This chart indicates that TIFF images (after conversion from raw) from the Canon G15 have a greater comparative dynamic range than the JPEG images, producing the first and second best results of all the cameras here, alternating with the Olympus XZ-2 several times. The Canon G12 shows the weakest dynamic range in its raw files, and the Panasonic LX7 is the third best, spiking at ISO 1600 to score a result a whisker ahead of the Canon G15, which dips at that setting.

Sample images

Canon PowerShot G15 review

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The Canon G15 is good at accurately judging the correct exposure, even in scenes with strong contrast between the highlights and shadows.

Canon PowerShot G15 review

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Its small and sleek size makes the Canon G15 a good option for an everyday backup camera for those times when you don’t want to carry a DSLR, but still want to retain full creative control.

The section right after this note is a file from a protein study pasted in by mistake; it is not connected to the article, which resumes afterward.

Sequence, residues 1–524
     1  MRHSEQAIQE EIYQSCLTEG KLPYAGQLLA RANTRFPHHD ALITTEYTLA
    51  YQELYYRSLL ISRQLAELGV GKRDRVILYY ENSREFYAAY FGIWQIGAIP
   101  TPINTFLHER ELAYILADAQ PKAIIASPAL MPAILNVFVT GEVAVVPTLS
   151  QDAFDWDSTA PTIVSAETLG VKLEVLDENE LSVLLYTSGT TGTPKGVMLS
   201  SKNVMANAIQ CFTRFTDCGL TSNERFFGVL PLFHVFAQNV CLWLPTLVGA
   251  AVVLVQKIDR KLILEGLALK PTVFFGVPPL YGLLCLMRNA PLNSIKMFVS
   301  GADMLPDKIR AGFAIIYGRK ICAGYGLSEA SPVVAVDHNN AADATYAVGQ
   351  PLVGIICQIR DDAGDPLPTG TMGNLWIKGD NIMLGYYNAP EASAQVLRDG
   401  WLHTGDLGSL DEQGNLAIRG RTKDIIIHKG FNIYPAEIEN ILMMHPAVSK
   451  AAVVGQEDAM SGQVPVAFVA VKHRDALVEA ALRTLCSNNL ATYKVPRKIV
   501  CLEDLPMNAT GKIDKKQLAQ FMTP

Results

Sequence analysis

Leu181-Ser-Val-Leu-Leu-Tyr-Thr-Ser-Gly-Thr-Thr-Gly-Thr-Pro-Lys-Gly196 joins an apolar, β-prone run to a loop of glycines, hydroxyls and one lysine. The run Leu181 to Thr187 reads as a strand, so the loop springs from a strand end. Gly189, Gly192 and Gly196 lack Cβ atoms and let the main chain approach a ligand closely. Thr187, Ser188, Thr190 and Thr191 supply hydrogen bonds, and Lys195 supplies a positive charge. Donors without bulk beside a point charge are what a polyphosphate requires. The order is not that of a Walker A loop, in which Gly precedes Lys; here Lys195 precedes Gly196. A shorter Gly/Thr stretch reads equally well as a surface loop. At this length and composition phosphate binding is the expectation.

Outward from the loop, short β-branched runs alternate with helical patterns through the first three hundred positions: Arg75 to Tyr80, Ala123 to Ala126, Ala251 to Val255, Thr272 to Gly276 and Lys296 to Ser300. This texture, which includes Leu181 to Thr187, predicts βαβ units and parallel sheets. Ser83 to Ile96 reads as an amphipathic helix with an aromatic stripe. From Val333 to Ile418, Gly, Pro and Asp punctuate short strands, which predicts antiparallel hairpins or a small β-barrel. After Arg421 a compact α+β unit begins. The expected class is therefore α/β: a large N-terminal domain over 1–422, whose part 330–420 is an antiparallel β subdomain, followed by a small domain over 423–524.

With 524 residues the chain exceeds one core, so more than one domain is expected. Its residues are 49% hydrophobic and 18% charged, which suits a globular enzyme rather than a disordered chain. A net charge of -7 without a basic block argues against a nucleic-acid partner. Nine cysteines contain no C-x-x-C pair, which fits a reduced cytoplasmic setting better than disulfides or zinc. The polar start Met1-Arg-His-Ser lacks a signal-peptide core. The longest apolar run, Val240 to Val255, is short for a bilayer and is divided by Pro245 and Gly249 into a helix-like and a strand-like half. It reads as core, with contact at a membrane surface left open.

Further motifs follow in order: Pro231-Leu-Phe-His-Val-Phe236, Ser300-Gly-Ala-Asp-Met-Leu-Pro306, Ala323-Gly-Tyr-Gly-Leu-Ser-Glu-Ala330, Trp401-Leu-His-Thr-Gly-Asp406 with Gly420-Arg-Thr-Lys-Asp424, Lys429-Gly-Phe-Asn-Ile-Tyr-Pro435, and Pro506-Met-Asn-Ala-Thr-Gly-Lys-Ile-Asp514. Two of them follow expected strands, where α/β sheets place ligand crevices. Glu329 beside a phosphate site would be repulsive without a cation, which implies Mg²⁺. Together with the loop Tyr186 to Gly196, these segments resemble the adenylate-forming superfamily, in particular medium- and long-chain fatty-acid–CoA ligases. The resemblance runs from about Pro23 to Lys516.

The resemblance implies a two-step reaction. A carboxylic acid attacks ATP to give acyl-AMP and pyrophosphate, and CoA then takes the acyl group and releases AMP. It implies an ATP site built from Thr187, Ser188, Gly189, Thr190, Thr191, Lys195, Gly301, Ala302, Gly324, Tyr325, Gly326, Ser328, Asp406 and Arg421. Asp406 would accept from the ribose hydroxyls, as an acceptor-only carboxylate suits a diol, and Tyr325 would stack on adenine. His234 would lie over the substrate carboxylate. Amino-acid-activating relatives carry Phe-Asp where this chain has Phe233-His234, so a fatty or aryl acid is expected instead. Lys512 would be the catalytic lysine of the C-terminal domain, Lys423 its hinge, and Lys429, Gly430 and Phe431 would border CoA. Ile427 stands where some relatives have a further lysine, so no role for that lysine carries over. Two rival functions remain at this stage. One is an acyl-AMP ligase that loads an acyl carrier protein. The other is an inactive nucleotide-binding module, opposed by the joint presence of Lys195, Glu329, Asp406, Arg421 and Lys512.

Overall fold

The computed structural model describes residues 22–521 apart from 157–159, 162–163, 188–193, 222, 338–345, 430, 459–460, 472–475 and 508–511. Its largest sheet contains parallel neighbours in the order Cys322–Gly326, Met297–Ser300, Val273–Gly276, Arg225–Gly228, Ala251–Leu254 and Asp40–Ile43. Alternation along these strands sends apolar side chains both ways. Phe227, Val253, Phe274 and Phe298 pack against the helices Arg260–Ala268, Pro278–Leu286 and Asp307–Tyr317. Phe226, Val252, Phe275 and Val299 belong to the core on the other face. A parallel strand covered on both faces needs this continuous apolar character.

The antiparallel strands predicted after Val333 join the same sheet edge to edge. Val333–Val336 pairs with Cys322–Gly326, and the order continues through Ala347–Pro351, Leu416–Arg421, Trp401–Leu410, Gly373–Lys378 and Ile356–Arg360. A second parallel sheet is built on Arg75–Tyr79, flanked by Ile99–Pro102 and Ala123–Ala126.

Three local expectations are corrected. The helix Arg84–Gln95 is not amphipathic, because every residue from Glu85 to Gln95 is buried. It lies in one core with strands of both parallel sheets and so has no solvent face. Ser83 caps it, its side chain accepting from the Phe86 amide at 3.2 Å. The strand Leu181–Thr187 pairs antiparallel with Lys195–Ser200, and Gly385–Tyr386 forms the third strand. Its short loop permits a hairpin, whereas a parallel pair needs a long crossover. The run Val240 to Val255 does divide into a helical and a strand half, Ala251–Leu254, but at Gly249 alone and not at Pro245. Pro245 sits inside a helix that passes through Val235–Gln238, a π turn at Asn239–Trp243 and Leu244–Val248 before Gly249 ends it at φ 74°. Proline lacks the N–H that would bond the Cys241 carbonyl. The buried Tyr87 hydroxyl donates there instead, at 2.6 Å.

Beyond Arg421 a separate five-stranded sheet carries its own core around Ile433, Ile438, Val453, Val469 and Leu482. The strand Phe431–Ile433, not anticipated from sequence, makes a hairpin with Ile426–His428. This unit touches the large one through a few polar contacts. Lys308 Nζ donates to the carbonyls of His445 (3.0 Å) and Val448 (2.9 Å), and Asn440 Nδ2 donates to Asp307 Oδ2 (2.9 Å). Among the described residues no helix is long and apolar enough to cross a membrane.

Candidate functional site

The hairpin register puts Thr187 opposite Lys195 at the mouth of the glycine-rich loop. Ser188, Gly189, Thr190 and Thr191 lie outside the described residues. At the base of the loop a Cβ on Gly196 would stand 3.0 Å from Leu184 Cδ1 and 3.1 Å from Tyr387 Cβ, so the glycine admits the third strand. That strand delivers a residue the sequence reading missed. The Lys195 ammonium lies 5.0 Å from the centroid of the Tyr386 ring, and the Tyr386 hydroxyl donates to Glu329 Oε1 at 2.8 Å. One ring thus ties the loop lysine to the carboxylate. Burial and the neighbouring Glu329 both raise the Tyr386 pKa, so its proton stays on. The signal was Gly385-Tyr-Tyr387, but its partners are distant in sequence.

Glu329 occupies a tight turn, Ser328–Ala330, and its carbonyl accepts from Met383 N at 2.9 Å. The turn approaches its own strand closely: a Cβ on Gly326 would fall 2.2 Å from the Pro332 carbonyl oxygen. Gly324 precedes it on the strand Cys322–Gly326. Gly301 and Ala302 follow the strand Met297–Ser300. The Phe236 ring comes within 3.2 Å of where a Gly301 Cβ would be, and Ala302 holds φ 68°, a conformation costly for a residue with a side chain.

Canon PowerShot G15 review

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Colours straight from the Canon G15 are bold and punchy without being overly vibrant.

Canon PowerShot G15 review

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Thanks to the f/1.8 maximum aperture of the lens, attractive shallow depth of field effects can be achieved, with the focus drop off being nice and smooth.

Canon PowerShot G15 review

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Shooting at high sensitivities such as ISO 800 produces images that still retain lots of detail without introducing too much image noise. Automatic white balance has also done an excellent job here of accurately reproducing the colours.

Canon PowerShot G15 review

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Macro focusing enables you to get really close to the subject to produce images with plenty of clarity.

Canon PowerShot G15 review

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The Canon G15’s 5x optical zoom range gives a good level of flexibility.

Filters